Boston Globe opinion writer Abdallah Fayyad was recognized Monday as a finalist for a Pulitzer Prize for his series of editorials that called for the prosecution of former president Donald Trump and examined how Trump’s presidency exposed weaknesses in American democracy.
The series, which was published last June and titled “Future-Proofing the Presidency,” was praised by the Pulitzer jury as a “persuasive editorial series arguing that the president of the United States could be prosecuted for crimes committed in office.”
Fayyad, who previously worked at The Atlantic before joining the Globe in June 2020, said he was honored by the recognition but insisted on sharing the praise with his colleagues in the Globe’s opinion department.
“It was surreal seeing my name up there on the broadcast alongside such great journalists. But I knew the project was deserving of this recognition because it wasn’t just my work; it took a whole team to make the series what it was — an amazing team at that,” Fayyad said in an e-mail Monday after the prizes were announced.
The Pulitzer Prizes, awarded annually by Columbia University since 1917, were announced Monday and are seen as the highest honor in journalism. The winners in the editorial writing category were Lisa Falkenberg, Michael Lindenberger, Joe Holley, and Luis Carrasco of the Houston Chronicle, for editorials that “revealed voter suppression tactics” and “argued for sensible voting reforms,” the jury wrote.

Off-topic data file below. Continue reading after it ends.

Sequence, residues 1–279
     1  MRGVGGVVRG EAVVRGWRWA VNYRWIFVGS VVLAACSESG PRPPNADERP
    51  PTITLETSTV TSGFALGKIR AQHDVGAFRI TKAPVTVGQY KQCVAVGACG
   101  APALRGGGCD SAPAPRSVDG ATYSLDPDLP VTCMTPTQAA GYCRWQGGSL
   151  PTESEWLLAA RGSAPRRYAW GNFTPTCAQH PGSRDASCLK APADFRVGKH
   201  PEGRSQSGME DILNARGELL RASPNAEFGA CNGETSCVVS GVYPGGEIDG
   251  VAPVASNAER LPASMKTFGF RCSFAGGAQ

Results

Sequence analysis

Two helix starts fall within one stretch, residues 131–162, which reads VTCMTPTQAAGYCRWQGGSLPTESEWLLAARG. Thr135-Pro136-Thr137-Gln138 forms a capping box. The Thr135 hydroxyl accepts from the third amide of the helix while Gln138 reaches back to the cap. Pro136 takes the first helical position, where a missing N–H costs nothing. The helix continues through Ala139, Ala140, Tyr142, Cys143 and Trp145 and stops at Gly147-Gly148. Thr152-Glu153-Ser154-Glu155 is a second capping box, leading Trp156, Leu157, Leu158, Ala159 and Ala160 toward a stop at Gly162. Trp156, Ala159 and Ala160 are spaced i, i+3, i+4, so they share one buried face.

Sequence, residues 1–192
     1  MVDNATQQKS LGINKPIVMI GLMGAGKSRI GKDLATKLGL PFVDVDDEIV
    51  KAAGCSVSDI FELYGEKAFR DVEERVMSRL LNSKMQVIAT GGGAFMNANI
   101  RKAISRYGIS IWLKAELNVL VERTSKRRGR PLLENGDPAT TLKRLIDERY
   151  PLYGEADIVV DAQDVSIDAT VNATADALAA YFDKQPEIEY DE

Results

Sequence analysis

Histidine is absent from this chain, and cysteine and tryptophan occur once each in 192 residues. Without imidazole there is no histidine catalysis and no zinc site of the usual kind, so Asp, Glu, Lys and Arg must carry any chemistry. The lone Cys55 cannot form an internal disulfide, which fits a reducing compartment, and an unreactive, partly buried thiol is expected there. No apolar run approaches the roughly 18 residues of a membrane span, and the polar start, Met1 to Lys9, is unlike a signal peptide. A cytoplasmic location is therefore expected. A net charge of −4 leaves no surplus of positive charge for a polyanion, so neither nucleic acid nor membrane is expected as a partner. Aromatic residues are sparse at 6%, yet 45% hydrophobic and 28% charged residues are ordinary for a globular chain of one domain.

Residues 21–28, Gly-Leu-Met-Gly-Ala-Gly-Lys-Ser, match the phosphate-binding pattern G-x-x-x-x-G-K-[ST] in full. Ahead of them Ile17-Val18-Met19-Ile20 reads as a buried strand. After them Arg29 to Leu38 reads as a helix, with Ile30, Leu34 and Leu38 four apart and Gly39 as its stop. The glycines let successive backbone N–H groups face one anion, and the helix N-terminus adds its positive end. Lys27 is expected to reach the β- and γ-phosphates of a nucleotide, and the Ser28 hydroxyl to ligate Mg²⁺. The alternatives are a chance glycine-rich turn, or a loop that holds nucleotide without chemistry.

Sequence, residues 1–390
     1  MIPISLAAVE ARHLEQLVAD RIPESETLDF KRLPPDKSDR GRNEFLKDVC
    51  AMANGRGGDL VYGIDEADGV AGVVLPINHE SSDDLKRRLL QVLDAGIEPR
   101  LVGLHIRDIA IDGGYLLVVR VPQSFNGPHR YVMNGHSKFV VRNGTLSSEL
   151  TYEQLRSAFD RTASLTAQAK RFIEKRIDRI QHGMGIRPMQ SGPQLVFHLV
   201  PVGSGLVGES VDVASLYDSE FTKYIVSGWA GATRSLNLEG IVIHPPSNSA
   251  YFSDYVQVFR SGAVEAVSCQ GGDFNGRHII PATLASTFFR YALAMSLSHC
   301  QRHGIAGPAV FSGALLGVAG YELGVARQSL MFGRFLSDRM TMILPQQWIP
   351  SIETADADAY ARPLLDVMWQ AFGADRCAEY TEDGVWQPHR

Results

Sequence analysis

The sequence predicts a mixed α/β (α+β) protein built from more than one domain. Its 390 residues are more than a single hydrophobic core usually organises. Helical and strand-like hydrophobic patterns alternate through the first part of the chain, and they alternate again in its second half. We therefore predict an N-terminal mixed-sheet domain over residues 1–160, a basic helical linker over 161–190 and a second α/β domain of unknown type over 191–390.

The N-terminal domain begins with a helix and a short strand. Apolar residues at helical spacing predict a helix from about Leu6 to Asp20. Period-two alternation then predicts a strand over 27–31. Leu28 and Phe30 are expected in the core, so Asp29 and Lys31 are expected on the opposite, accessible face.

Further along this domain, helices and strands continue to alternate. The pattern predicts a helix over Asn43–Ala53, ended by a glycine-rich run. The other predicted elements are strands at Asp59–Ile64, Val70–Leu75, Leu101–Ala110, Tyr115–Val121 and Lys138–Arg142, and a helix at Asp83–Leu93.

Fayyad said his hope for the Globe series on the Trump presidency was that it would spark a conversation “on the need for the United States to break from its tradition of not prosecuting former presidents, and compel our government to take the necessary steps to prevent the rise of an American tyrant.”
“American democracy had been eroding long before Donald Trump rose to power, but his norm-busting, law-breaking presidency showed us just how desperately we needed to reform the presidency itself,” Fayyad wrote in an e-mail.
“Trump embodied the kind of corruption that weakens our democratic institutions — how he demanded our public servants be loyal to him rather than their country; how he essentially turned the presidency into a business expansion of the Trump organization; how he used his power to try to illegitimately stay in power. All of that unfortunately had fatal consequences. So we started by asking the simple question: How do we prevent all of that from happening again?”
The series was co-edited by Alan Wirzbicki, the Globe’s deputy editor for editorials, and former editorial page editor Bina Venkataraman. Wirzbicki and Assistant Editorial Page Editor Rachelle G. Cohen were finalists in the editorial writing category last year.
“Many newspapers have chosen to shrink or eliminate their editorial departments,” Wirzbicki wrote in an e-mail Monday. “It is gratifying that the Globe is not one of them, and I think this recognition serves as a reminder that bold, thought-provoking editorials still have a place in a changing media environment.”